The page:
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Discussion Starter · #1 ·
Alright. I.H. 1680 vs J.D. 8820 T2. Which was the better Combine and why? Will also post this in the J.D. site. Lynas
 

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In dry wheat the 1680, it uses centrifugal force to seperate the grain instead of just gravity on the walkers so it saves wheat better at higher groundspeeds. The parts count is alot lower on the 1680, you don't have a hot noisy engine right next to your head and it weighs less so it does better in soft conditions. A very dyed in the wool green guy in our area had is brother inlaw help 2 years ago with his 1680 during wheat harvest. The green guy admitted that he didn't think that his two 8820's took off half of the crop. The only disadvantages i see to the 1680 compared to the 8820 is in really tough conditions and you have to change concaves from wheat to corn.
 

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In small grains,8820 is far and away better.It will thresh better,clean better and still run even when the moisture gets up.Second,the 8820 isn't hot and noisy.I've run both and the 1680 was hotter,bad A/C I guess.The 1680 is a good combine,but an 8820 will cut all day with a 1680 and do a better job of threshing than any red combine.
 

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Never had a chaff problem in our engine compartment. Yes we do have to tap the filters out fequently, but its never back in the engine compartment. I don't see how the 8820 is far and away better but you are entitled to your opinion. Both machines are capable of threshing just fine if set up right. My observation is that the 1680 has more capacity during the day, but doesn't do as well at night. Personally we have enough terraces and washouts that i shut down around dark anyway, so it is important to me to get as much done with the sun up as I can. Obviously if they weren't both good machines they wouldn't have sold so many, i just like the simplicty of the AF design. Plus i think that a rotor does a much better job getting all the grain out of the straw then a walker.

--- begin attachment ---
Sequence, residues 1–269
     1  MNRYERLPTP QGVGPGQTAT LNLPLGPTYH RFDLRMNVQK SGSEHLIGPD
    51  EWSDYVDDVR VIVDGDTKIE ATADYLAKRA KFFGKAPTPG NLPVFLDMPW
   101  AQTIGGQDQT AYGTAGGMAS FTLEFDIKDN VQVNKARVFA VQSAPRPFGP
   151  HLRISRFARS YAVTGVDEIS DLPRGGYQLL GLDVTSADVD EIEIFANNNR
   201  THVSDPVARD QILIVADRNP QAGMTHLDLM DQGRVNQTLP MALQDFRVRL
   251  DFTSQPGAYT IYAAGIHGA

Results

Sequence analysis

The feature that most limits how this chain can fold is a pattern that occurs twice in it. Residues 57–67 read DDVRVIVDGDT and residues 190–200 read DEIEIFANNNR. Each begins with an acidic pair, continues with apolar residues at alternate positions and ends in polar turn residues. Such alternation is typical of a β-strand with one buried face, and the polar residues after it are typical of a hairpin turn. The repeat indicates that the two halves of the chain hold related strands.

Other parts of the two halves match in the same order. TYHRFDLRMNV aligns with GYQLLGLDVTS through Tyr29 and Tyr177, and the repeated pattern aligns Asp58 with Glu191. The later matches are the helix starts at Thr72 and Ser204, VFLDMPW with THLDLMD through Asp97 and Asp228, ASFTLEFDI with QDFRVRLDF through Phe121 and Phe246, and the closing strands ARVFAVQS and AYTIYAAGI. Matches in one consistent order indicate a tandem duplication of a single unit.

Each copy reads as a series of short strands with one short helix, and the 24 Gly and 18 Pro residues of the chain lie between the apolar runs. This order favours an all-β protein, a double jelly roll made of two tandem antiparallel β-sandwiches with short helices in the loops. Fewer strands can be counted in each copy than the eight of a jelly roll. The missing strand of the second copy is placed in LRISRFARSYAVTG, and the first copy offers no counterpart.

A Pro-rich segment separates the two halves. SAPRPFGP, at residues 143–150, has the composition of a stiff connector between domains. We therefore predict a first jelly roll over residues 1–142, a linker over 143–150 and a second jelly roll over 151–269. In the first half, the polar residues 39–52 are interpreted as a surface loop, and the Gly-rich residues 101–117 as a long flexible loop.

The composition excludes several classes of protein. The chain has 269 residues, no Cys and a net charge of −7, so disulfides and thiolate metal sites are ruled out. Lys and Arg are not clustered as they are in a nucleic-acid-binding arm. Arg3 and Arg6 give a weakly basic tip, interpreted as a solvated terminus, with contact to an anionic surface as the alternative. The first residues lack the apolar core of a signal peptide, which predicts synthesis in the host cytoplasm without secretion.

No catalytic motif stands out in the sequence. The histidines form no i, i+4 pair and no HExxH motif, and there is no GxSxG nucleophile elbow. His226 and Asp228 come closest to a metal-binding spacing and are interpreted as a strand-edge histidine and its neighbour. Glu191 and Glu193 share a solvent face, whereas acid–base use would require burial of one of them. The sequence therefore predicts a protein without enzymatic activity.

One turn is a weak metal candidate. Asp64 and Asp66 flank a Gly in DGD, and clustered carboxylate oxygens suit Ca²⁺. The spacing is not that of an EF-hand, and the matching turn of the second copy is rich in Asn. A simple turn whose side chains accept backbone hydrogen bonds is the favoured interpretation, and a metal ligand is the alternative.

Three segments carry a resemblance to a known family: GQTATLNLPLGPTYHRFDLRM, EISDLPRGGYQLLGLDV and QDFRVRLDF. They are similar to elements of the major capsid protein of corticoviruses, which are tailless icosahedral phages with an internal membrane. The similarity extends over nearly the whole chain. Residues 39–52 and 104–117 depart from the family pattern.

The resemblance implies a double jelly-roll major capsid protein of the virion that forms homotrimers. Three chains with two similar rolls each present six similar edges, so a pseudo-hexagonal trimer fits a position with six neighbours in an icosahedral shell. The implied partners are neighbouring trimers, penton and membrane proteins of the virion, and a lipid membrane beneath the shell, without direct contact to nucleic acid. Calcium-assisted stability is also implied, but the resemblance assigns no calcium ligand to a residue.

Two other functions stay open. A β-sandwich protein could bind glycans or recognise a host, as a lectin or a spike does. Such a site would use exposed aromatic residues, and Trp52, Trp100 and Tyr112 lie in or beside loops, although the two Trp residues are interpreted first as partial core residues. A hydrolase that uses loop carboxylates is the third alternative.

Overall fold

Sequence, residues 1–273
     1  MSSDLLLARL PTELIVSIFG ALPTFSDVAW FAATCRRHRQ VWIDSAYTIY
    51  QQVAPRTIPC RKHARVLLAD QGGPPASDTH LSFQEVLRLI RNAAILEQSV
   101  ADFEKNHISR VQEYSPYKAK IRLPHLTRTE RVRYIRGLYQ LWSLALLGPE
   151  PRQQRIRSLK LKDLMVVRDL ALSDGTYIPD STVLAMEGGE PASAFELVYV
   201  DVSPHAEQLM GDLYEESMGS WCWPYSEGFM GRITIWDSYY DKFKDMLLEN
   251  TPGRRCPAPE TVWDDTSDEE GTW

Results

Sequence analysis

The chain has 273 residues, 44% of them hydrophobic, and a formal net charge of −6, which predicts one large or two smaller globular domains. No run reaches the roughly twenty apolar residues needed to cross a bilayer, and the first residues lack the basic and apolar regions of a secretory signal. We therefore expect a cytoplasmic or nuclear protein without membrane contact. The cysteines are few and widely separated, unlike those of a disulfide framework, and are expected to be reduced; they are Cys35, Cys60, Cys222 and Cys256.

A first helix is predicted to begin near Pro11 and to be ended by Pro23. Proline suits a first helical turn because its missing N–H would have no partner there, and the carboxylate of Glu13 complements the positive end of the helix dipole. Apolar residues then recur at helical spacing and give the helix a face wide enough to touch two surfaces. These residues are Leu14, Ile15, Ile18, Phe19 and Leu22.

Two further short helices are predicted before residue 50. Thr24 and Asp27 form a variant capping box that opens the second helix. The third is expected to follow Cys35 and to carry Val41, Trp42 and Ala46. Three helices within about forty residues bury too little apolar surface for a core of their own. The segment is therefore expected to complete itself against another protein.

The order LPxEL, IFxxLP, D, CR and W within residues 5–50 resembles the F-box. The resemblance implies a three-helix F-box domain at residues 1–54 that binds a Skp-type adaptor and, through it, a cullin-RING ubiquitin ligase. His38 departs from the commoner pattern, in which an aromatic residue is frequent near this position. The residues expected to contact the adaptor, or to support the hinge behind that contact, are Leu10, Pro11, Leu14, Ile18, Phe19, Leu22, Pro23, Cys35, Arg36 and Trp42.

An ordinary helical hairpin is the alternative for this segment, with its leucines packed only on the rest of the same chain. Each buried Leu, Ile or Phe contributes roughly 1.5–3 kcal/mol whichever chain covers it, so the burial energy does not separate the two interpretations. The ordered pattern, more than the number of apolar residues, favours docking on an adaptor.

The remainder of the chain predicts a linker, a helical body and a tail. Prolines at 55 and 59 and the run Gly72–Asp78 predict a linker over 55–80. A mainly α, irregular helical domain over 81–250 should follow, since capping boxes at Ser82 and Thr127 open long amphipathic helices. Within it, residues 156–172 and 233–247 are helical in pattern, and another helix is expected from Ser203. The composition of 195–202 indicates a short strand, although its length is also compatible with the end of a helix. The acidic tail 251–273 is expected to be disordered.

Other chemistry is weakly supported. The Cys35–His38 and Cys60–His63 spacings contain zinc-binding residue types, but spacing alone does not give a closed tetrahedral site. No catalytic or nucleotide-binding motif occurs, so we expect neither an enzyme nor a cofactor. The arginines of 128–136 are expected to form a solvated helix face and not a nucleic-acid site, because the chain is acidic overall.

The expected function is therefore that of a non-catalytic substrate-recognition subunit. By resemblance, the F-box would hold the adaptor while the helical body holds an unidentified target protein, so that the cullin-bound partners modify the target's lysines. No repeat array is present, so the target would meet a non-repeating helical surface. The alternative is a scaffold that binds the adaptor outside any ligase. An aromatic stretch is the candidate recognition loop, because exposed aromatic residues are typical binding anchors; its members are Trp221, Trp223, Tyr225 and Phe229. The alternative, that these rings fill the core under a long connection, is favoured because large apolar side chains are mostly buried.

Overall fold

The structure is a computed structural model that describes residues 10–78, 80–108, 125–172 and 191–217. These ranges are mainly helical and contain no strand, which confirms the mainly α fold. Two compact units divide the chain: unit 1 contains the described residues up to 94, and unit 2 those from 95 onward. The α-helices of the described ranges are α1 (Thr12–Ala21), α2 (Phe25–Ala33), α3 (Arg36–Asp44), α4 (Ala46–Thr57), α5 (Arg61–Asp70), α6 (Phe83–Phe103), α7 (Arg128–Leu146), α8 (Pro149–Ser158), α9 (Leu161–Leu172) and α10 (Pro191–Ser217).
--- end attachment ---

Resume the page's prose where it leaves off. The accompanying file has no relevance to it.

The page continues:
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the case ih all the way

the jd ur right beside the motor and in the case the motor is in the back thats the biggest difference i like
 

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Discussion Starter · #7 ·
Reason for posting this topic is that I`m considering one of these for the farm. Types of crop grown here are 40% Hard wheat, 20% Barley, 20% Chickpea, 20% Sorghum ( Milo ). I`d also consider 1688 or 9600 if budget allows. LYNAS.
 

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We just bought a 30' 8820 T2 for this harvest just gone (finished 18th last month) and are wrapt with its performance, BUT I doubt its got the same capacity as a 1680 Axial flow. Some friends/neighbours have a 1660 case and I recon the 8820 is more like its capacity or maybe even a little less but it's still a huge combine by my standards and has more than enough to keep us happy. I ended up sitting next to the engine in the 8820 and couldn't get over how quiet it is, you can have a conversation with a passenger without a problem but you do need to have a good air conditioner, but I think a Case would be the same. From what I see I think the JD is stronger built but the Case is faster, around here the service for both makes and also New Holland is good so from my perspective I don't think it would realy matter to you, they are both good.